As Hillsborough was preparing to sail from Sydney Cove in October, a strict search found 30 stowaways aboard her. They were removed and punished. Two sailors who had aided the stowaways were also brought on shore and punished before being returned to Hillsborough. Rhodes then sailed for the south seas fisheries to engage in whaling.[Note 6]
Hillsborough spent eight months sealing and whaling around the Desolation Islands. During this period Rhodes prepared a chart of the islands, and named a bay "Hillsborough Bay". Forty years later, James Clark Ross spent some months in the islands during his expedition to the Antarctic in Terror and Erebus. Ross found Rhodes's charts useful and so named a bay after Rhodes in tribute to him.
Hillsborough again sailed for the South Seas on 11 August 1801. Daniel Bennett now shared her ownership with Charles Price, and her master was Captain Thomas Pittman (or Pitman). Pittman received a letter of marque on 17 July 1801, shortly before Hillsborough left England. Hillsborough was also listed on the Protection List, which exempted her crew from impressment. In 1802 she was valued at £11,000. Hillsborough returned from the south seas 20 March 1803.
Hillsborough apparently made one more voyage for Bennett and Price, this time to Peru. Cyrus reported that in October 1805 Hillsborough was near the Galapagos Islands with 60 barrels of oil and on her way to New Zealand.
The Register of Shipping for 1804 carries the notation that Hillsborough was broken up.
Notes, citations, and references
- Preston had been captain of the previous Hillsborough when a Spanish and French fleet had captured her in the Action of 9 August 1780.
- The investor received a return in dividends of £2390 spread over six voyages from 1784 to 1798, a return of about 20% per annum.
- The news account states that Osterley was in the convoy, but in March 1786 she was still returning from an earlier trip to China.
- Hackman reports that her registration was cancelled, her demolition being complete. This is clearly incorrect.
- Hingston had left Hillsborough at Port Jackson, becoming part-owner of Hunter, which would depart shortly after Hillsborough. Hunter, with Hingston as master, left Port Jackson on 7 October, sailing first to New Zealand to pick up spars, and then sailing on to Bengal.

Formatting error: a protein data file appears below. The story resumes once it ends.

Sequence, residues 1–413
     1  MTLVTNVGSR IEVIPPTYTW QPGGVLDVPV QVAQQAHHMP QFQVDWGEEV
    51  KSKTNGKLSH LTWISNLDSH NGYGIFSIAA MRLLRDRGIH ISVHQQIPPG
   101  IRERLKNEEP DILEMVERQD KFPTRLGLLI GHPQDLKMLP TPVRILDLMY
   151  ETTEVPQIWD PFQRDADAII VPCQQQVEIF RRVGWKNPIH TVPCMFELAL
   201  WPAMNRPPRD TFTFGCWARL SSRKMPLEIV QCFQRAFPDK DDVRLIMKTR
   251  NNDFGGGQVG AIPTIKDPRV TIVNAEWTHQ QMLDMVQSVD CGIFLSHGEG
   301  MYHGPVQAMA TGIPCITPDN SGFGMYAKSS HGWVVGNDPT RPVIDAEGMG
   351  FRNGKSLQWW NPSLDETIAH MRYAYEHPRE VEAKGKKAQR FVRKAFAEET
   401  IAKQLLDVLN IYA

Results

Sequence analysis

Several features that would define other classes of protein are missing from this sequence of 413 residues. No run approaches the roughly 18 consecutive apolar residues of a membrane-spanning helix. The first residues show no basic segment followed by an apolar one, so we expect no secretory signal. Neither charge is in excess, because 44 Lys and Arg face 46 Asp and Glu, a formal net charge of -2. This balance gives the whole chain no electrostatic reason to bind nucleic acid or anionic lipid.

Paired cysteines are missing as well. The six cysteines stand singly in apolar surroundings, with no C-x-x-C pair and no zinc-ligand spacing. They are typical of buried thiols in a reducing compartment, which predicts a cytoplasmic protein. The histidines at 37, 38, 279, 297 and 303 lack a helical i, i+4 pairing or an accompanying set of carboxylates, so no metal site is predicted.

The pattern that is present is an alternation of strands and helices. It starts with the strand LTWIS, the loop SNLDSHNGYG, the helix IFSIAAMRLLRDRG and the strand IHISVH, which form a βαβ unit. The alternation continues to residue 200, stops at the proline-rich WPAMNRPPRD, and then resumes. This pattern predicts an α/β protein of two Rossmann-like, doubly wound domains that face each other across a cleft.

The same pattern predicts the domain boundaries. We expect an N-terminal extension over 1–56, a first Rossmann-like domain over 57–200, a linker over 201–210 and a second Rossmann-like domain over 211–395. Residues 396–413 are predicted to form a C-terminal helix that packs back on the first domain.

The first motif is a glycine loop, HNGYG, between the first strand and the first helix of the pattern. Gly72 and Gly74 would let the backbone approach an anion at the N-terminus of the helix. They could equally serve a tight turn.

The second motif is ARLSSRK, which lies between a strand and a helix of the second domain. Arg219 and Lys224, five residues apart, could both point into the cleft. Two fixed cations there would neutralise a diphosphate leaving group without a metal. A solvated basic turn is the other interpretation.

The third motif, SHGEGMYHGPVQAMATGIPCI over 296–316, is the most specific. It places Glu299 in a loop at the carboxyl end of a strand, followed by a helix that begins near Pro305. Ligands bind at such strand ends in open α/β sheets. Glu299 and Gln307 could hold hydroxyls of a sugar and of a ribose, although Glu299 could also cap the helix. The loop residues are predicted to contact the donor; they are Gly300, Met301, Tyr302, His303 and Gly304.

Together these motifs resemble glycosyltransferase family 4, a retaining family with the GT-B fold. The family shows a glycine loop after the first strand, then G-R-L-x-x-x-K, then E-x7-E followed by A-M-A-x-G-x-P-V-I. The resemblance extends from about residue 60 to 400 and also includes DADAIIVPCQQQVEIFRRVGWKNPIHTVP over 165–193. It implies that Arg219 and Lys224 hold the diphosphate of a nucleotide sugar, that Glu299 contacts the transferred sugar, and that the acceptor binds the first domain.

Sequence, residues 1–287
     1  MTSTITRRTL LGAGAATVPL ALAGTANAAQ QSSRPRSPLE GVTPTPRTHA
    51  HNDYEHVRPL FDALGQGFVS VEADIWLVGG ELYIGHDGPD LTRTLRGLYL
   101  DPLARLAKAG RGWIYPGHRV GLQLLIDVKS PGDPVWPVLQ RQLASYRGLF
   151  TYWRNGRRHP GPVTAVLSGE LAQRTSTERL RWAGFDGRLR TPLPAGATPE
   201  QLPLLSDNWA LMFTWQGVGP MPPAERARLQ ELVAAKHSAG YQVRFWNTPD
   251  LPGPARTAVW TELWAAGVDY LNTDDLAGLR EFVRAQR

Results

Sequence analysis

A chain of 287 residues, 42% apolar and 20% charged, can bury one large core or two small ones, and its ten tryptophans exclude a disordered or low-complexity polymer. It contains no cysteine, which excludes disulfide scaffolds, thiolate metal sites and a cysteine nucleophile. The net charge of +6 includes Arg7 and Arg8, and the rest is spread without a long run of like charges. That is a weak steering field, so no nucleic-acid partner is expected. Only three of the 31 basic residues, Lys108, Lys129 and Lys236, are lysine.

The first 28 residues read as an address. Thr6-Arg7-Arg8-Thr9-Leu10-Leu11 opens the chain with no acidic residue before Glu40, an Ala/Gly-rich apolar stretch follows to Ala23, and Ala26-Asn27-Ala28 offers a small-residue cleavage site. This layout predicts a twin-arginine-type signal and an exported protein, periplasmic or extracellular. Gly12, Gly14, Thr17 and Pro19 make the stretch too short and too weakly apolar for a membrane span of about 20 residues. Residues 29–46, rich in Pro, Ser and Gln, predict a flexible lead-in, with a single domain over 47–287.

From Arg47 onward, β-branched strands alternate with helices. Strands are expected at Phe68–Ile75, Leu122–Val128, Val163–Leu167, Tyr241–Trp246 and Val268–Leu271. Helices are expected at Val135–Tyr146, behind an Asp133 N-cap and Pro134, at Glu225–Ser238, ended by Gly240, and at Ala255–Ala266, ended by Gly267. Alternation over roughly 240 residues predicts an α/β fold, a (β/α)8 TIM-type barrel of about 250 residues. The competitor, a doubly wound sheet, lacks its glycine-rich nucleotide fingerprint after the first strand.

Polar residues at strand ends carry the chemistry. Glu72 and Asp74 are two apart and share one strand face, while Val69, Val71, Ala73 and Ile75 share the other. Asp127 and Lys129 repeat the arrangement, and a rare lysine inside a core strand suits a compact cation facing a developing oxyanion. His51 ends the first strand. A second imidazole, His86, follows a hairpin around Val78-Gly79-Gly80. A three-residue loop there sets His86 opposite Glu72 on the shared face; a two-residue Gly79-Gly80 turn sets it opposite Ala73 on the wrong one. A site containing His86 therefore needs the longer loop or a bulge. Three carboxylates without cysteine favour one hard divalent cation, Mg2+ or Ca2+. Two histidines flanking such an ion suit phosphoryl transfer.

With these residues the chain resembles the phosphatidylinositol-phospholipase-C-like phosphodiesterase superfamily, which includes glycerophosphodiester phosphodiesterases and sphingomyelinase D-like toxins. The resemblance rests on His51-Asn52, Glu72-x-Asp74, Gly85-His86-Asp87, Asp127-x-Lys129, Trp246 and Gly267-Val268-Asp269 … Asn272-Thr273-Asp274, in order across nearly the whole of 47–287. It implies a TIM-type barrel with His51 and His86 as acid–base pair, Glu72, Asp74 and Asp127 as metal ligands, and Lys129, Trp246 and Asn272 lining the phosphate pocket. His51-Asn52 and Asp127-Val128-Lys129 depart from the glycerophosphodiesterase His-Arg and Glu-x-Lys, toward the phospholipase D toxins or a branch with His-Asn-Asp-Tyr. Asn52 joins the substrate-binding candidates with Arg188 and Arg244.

- The newspaper listing of her arrival and departure at Port Jackson gives her departure date as 12 May 1810, but this is clearly incorrect.
- Bowen (2005), p. 284.
- Hackman (2001), p.128.
- British Library: Hillsborough (2).
- Letter of Marque, p.68 - accessed 25 July 2017.
-  Jones, A.G. E.; Dale Chatwin; and Rhys Richards. BSWF Database – voyages: Hillsborough.
- Gentleman's magazine (May 1793), Vol 63, part. 1, p. 474.
- Clayton (2014), p. 141.
- Bateson (1974), p.153.
- Bateson (1794), pp.150-2.
- Clune, Frank (1965). Bound for Botany Bay: A Narrative of a Voyage in 1798 Aboard the Death Ship, Hillsborough. Angus and Robertson. p. 40.
- Collins (1802) pp.267-8.
- "Arrival of Vessels at Port Jackson, and their Departure". Australian Town and Country Journal, Saturday 3 January 1891, p.16. Retrieved 21 August 2012.
- Findlay (1866), p. 295.
- Gurney (2007), p.261.
- Register of shipping (1804), Seq. №H486.
- Bateson, Charles (1974) The Convict Ships, 1787-1868 (Sydney). ISBN 0-85174-195-9
- Bowen, H.V. (2005) The Business of Empire: The East India Company and Imperial Britain, 1756–1833. (Cambridge University Press). ISBN 9780521844772
- Clayton, Jane M. (2014) Ships employed in the South Sea Whale Fishery from Britain: 1775-1815: An alphabetical list of ships. (Berforts Group). ISBN 978-1908616524
- Collins, David (1802) An Account of the English Colony in New South Wales: With Remarks on the Dispositions, Customs, Manners, &c., of the Native Inhabitants of that Country. To which are Added, Some Particulars of New Zealand, Volume 2.
- Findlay, Alexander G. (1866) A directory for the navigation of the Indian Ocean: with descriptions of its coasts, islands, etc., from the Cape of Good Hope to the Strait of Sunda and western Australia, including also the Red Sea and the Persian Gulf; the winds, monsoons, and currents, and the passages from Europe to its various ports. (Published for Richard Holmes Laurie).
- Gurney, Alan (2007) Below the Convergence: Voyages Toward Antarctica, 1699-1839. (W. W. Norton & Company). ISBN 978-0393329049
- Hackman, Rowan (2001) Ships of the East India Company. (Gravesend, Kent: World Ship Society). ISBN 0-905617-96-7